..”hello room service? Can you send up a LaCie drive?….”
BUENOS AIRES, ARGENTINA:
The arguments about the cameras are endless.
The small cameras are toys.
They are not professional.
They are for amateurs.
Ironically, they are also the least significant driver of the video revolution.
As ‘Nino‘, a cameraman from Tampa, Florida, and a regular contributor to b-roll.net pointed out the other day, even the cost of ‘professional’ camera gear has dropped substantially.
To me it is ironic that it is the editing systems, not the cameras, that are the greater drivers of change. And while I receive innumerable emails from professional cameramen in the twenty years I have been doing this, I have yet to receive one email from a professional editor. Yet the impact of the ‘revolution’ is as great, or greater, upon them,
When I started working in this business, we cut in CMX edit suites. They cost anywhere from $500,000 to a million dollars (and those were the days when a million dollars would buy you more than a studio apartment in Brooklyn).
The rooms were big. The equipment was big. And complex.
Endless panels of switches and lights and meters and God only knows what else. You needed someone who really knew what they were doing. Say ‘take a dissolve..here’ and the editor pushed about a hundred buttons in a very complex sequence and in the back you could hear wheels turning, tape searching, things moving as the dissolve was laid in. The whole process took a long time… if you didn’t crash your I square first.
Today, there’s far more firepower in my laptop loaded with FCP than in those giant rooms with carpeting on the walls.
And all it takes to lay in a dissolve is to drag an icon onto the timeline. My 15 year old nephew is a master of editing…..when he isn’t paying baseball.
So when we go out and make a series like 5Takes (see above), editors like Margot Roth don’t work in edit rooms anymore. As we carry the cameras into the field, so too do we carry the edit rooms, in the form of Mac laptops. (Roth, like everyone who works here, shoots, scripts, directs and edits. Her credits run from Discovery to PBS, and she is currently working on her on feature release).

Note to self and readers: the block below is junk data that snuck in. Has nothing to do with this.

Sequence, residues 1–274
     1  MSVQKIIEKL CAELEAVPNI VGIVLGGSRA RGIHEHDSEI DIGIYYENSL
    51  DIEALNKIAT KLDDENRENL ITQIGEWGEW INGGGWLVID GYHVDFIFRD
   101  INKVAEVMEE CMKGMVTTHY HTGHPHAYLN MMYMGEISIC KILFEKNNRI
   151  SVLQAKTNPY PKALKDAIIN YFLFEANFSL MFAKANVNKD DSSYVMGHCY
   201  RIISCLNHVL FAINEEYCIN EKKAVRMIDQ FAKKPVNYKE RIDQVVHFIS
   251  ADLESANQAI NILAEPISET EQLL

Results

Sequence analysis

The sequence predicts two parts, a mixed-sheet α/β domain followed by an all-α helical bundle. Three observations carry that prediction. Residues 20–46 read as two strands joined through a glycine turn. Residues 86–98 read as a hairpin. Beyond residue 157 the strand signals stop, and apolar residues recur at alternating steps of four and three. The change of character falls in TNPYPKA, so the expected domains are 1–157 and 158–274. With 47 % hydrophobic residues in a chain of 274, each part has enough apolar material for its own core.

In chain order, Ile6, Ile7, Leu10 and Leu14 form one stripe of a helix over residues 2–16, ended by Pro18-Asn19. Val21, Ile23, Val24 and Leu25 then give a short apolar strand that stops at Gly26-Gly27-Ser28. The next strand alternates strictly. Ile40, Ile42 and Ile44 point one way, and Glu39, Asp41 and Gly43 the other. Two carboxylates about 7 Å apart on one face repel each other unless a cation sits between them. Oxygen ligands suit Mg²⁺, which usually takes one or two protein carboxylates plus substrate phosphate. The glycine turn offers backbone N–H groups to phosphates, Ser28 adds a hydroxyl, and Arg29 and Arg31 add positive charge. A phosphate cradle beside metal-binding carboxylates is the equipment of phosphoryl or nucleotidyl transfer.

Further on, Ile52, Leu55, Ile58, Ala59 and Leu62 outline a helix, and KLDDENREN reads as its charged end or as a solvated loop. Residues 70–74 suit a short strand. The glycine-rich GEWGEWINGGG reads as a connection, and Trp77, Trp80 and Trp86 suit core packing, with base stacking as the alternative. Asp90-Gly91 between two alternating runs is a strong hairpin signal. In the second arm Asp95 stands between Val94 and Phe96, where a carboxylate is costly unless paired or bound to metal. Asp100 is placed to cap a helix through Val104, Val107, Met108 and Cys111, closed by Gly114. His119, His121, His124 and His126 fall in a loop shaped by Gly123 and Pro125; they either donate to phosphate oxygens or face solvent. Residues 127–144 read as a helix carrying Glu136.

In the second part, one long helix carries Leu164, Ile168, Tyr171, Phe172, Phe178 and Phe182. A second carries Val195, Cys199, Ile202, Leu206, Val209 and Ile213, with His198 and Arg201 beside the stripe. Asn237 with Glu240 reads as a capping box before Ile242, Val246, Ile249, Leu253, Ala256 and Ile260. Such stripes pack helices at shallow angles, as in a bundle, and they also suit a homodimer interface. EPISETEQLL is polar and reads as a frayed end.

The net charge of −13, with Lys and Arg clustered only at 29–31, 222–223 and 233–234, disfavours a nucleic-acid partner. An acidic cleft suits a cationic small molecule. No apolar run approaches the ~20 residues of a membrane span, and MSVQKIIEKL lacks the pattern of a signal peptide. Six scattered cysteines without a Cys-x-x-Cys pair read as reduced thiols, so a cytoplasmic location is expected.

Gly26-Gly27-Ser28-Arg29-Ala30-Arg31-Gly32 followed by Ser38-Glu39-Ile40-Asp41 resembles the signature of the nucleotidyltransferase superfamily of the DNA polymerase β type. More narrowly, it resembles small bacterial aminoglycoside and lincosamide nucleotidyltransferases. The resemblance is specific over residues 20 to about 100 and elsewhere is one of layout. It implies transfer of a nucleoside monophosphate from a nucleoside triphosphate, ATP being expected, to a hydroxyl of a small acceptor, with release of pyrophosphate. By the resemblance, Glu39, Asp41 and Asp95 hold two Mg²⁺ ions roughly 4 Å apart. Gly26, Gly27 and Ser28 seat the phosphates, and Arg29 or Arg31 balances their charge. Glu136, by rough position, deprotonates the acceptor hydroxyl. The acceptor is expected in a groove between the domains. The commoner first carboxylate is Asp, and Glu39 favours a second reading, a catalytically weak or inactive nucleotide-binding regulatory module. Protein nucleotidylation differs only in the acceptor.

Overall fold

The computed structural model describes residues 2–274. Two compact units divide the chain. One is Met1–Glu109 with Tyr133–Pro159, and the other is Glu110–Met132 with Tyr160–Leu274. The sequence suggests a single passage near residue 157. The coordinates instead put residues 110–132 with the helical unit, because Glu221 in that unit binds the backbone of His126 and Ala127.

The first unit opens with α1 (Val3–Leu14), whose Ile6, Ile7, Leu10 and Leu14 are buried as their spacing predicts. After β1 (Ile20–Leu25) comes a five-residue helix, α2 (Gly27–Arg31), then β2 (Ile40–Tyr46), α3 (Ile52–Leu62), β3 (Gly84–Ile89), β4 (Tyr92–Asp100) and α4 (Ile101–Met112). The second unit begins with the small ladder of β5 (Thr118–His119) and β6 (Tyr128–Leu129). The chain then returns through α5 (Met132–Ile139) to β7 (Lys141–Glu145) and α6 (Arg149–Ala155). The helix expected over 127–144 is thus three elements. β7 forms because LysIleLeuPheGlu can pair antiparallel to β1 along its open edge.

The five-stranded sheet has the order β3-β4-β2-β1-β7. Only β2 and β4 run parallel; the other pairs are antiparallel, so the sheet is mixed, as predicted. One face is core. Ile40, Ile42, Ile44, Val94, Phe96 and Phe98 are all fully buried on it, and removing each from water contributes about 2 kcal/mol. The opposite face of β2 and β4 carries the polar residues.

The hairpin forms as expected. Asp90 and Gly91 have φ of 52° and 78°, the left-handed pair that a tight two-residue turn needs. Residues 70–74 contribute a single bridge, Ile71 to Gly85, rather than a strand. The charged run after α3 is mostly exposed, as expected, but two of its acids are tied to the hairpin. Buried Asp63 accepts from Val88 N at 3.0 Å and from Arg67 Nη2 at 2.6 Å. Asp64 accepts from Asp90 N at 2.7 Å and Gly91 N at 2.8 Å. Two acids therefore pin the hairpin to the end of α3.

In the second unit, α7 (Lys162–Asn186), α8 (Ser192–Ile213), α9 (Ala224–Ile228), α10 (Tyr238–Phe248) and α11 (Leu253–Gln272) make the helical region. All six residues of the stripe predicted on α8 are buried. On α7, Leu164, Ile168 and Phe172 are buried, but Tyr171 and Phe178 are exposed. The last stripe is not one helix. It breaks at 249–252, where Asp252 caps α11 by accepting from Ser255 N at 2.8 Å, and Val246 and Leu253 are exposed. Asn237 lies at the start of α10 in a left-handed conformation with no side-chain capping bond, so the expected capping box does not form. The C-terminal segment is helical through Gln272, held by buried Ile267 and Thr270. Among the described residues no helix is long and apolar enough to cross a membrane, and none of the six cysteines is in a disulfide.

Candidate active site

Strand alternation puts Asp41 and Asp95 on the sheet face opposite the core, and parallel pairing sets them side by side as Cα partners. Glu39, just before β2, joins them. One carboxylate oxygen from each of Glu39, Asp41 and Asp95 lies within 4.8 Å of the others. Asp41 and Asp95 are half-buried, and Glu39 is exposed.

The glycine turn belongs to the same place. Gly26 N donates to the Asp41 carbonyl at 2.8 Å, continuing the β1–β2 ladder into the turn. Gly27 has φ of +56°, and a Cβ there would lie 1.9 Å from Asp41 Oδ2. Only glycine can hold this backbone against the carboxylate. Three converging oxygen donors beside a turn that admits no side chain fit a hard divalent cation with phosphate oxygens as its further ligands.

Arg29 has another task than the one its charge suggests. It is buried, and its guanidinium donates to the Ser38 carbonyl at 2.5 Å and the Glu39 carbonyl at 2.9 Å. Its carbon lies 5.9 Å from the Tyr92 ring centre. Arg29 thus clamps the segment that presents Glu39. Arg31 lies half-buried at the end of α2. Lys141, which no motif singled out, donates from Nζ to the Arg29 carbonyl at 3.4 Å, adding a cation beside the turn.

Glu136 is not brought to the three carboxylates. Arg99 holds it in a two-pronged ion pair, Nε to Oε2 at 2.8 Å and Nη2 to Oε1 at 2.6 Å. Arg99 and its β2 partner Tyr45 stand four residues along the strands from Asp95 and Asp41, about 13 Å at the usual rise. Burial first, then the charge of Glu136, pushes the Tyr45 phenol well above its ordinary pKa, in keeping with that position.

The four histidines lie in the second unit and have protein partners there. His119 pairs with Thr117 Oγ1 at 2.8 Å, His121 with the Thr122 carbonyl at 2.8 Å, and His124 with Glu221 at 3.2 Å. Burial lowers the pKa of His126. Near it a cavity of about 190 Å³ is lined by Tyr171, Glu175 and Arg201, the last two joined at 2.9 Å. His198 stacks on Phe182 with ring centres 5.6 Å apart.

And as the VJs are out shooting the events of the day, Margot and her fellow editors are back at the hotel, cutting the sequences that were just shot.
Editing in real time.
The whole purpose of non linear is that you can edit stuff out of sequence.
So we cut as it happens, and then massage the timeline later.
How many times have you used a non linear edit system but still begun at the beginning and worked your way to the end? That does not leverage off of what non linear does best… non linear.
So by moving the edits into the field, closing the ‘edit suites’, cutting as it happens, the whole team is able to watch as the hour unfolds.. and change their shooting and events to suit the needs of the timeline – not the other way around.
It makes sense.
It also means we can turn around hours for air in as little as 6 days, from initial shoot to delivery.
With lots more control.
Of course, there is a downside.
….you have all those people in your room all the time.